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Robot Helps S. Fla. Cancer Patient Attend Davie School

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Kyle Weintraub on the VGo Learning Robot. He's in Philadelphia undergoing treatments for cancer while attending class in Davie via the robot. (Source: CBS4)

Kyle Weintraub on the VGo Learning Robot. He’s in Philadelphia undergoing treatments for cancer while attending class in Davie via the robot. (Source: CBS4)

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Summer Knowles reports for CBS4 News. She joined CBS4 in June 2...
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Super Kids

DAVIE (CBSMiami) – A South Florida boy, battling cancer in Philadelphia, has found a way to attend school with his friends in South Florida thanks to his classmates and a little technology.

Kyle Weintraub, 12, was diagnosed with cancer several months ago and is being treated at a hospital in Pennsylvania.

“If it seems easy, it’s not, it’s not pleasant. The treatments aren’t pleasant,” said Weintraub.

But while physically in the Philadelphia area, the 12-year-old is also physically in class every day at the David Posnack Jewish Day School in Davie, thanks to the VGo telepresence robot he controls remotely from Philly.

Weintraub said he didn’t think the robot was real at first, but now says “yeah, it is real. It’s different, but it’s like I’m there.”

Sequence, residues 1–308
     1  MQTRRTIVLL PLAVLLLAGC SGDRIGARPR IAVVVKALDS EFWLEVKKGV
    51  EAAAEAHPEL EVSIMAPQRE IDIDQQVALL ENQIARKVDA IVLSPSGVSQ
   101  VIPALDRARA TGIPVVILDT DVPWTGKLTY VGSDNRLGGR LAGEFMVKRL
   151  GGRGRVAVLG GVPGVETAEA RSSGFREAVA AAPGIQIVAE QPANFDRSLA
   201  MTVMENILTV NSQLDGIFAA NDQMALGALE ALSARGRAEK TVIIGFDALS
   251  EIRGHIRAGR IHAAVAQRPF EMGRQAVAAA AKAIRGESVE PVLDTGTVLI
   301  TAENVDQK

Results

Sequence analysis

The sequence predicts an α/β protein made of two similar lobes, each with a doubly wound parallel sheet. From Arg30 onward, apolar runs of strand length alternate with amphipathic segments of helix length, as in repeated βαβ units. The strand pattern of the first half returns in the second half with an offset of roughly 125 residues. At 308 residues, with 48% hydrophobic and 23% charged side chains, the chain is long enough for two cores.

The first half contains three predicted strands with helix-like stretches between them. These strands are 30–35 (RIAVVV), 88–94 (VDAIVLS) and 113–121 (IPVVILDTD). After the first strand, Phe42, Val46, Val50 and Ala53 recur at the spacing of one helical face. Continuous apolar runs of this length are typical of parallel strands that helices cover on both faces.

The robot stands about four feet tall and at the top has a video screen showing Weintraub’s face.

“He controls it all from his computer in Philadelphia and he has full remote access and it responds instantaneously as he is driving in full control and he can tilt it up and down,” said his school’s IT Director Jeff Shapiro.

The robot allows Weintraub to signal the teacher for help or to ask a question by flashing bright lights. He’s seemingly equipped with everything he needs for class, including a sense of humor for the occasional frustrations.

“Yeah, one kid specifically I won’t say his name, but he keeps putting his hand in my camera and it gets annoying. You know who you are,” Weintraub said with a big smile on his face.

His classmates describe him as a regular student with perks.

“Well he looks cooler,” said Brian Brandwein, one of Weintraub’s classmates. “When I found out he was getting the robot we thought it was really cool.”

The robot and its software cost about $10,000, but his classmates helped foot the bill by fundraising.

“It’s our mitzvah project,” said 11-year-old Marni Rosenblatt. “It’s when you wanna do something good for somebody.”

Rosenblatt said she always thought the robot for her classmate was a good idea, but was even more excited after actually seeing it in the classroom.

“I was surprised because it was ten times better than I expected!”

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